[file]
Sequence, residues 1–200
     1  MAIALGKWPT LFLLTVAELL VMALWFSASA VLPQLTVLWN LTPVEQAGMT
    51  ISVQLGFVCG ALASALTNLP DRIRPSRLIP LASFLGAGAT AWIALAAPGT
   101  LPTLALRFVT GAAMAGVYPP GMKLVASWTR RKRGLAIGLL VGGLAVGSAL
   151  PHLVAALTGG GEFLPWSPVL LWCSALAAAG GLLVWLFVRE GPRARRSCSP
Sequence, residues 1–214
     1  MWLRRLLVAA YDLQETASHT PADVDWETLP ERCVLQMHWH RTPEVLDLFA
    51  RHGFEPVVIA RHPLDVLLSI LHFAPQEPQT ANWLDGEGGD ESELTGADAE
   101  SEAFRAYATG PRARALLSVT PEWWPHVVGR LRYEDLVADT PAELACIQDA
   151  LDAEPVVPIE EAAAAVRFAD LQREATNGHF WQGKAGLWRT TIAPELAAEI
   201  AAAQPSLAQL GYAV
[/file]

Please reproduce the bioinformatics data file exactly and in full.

Sequence, residues 1–200
     1  MAIALGKWPT LFLLTVAELL VMALWFSASA VLPQLTVLWN LTPVEQAGMT
    51  ISVQLGFVCG ALASALTNLP DRIRPSRLIP LASFLGAGAT AWIALAAPGT
   101  LPTLALRFVT GAAMAGVYPP GMKLVASWTR RKRGLAIGLL VGGLAVGSAL
   151  PHLVAALTGG GEFLPWSPVL LWCSALAAAG GLLVWLFVRE GPRARRSCSP
Sequence, residues 1–214
     1  MWLRRLLVAA YDLQETASHT PADVDWETLP ERCVLQMHWH RTPEVLDLFA
    51  RHGFEPVVIA RHPLDVLLSI LHFAPQEPQT ANWLDGEGGD ESELTGADAE
   101  SEAFRAYATG PRARALLSVT PEWWPHVVGR LRYEDLVADT PAELACIQDA
   151  LDAEPVVPIE EAAAAVRFAD LQREATNGHF WQGKAGLWRT TIAPELAAEI
   201  AAAQPSLAQL GYAV